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Substack Pushes Video as Creator Subscriptions Compete to Stand Out

Substack Pushes Video as Creator Subscriptions Compete

With increasing competition among platforms promising influencers and creators the opportunity to monetize their followings, Substack is pushing back against its reputation as a newsletter platform, emphasizing its multimedia tools.

In a post to the platform Wednesday (Nov. 29), Co-founder and CEO Chris Best, Co-founder and Chief Writing Officer Hamish McKenzie and Co-founder and Chief Technology Officer Jairaj Sethi emphasized the platform’s visual and design offerings, its audio tools, its podcasting features and the recent introduction of video options.

“Today, …we’re expanding our video capabilities to support the many great shows already being produced on the platform, and to enable the creation of new types of subscriber-supported work built around video,” the co-founders stated. “Now it’s possible to host and distribute anything from video podcasts to web shows to feature films on Substack.”

These additions include video podcasting tools, a “flexible paywall” that enables creators to make certain parts of an episode available to the public, artificial intelligence transcripts and more.

These features bring the platform into competition with video-focused social media sites as well as step up its competitive positioning against other subscription providers. Increasingly, platforms are looking to seize on the rise of influencer culture by offering subscription tools for creators. Patreon, for instance, has been a key player in the space, and the company continues to expand its tools, acquiring a livestreaming platform last month.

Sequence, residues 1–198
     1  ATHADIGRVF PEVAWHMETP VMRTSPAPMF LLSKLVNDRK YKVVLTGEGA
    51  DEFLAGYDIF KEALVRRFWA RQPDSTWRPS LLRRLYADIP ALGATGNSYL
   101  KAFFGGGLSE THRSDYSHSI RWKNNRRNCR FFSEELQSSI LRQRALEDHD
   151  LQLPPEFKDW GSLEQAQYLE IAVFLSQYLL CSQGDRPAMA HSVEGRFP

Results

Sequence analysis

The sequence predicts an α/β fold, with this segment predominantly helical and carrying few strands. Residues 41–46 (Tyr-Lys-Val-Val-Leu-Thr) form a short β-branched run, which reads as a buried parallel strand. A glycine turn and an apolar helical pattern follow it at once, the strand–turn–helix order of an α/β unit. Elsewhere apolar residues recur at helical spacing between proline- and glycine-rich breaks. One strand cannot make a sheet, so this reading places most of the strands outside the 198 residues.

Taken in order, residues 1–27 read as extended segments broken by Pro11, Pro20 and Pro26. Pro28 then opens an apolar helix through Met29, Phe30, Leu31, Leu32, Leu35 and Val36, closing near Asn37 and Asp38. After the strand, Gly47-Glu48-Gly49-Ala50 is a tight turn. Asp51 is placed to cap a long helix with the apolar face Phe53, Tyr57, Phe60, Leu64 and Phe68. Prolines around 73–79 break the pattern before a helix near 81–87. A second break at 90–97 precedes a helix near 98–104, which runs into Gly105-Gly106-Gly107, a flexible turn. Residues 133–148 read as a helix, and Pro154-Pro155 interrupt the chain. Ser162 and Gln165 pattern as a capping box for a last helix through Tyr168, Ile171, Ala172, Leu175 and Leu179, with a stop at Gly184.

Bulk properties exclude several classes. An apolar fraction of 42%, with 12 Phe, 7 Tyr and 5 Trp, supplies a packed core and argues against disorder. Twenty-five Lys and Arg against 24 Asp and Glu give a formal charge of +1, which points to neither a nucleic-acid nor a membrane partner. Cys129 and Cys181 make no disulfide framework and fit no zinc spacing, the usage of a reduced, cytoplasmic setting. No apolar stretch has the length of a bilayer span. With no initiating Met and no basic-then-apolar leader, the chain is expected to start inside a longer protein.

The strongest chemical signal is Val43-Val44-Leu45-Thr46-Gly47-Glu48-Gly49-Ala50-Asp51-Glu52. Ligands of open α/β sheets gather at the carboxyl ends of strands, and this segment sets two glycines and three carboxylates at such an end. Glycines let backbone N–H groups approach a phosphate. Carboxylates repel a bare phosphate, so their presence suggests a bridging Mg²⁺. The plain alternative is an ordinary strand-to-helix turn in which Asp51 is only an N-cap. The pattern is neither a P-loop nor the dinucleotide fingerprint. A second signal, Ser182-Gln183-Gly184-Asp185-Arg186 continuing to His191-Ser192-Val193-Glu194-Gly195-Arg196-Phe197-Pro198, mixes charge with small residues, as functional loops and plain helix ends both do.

Plus, new players are entering the space with their own versions of creator subscriptions. Roblox announced this month the launch of its program enabling creators to offer in-game subscriptions within the experiences (i.e., digital spaces) they have made. Plus, last month, courses and coaching platform Teachable announced the launch of Memberships, enabling creators to offer their own content subscriptions.

Subscription models provide a valuable opportunity. Research featured last year in the “Subscription Commerce Tracker®,” a PYMNTS and Vindicia collaboration, found that consumers spend an average of $273 per month on subscription services.

Yet these kinds of subscriptions are not a surefire hit. Tumblr announced this week that it is ending its Post+ program, which enabled users on the site to offer exclusive content via paid subscriptions, suggesting that perhaps the landscape is becoming too crowded.

Competition is a challenge in subscription industries. PYMNTS Intelligence’s study “The State of Subscription Business: Best Practices and Business Performance Drivers,” created in collaboration with FlexPay, was based on a survey of 200 executive decision-makers at companies that offer subscription-based services and products. It found that 30% reported facing churn from losing customers to competitors’ services or products.

However, consumers’ ability to afford these kinds of subscriptions is compromised during times of economic challenges. The study “The One-Stop Bill Pay Playbook: Drivers of Consumers’ Bill Payment Priorities,” a PYMNTS Intelligence and Mastercard collaboration, drew from a survey of more than 2,100 consumers in December. It revealed that 30% of digital media subscribers had made at least one partial payment or skipped at least one payment in the previous year. This share is greater than said the same of any other kind of subscription.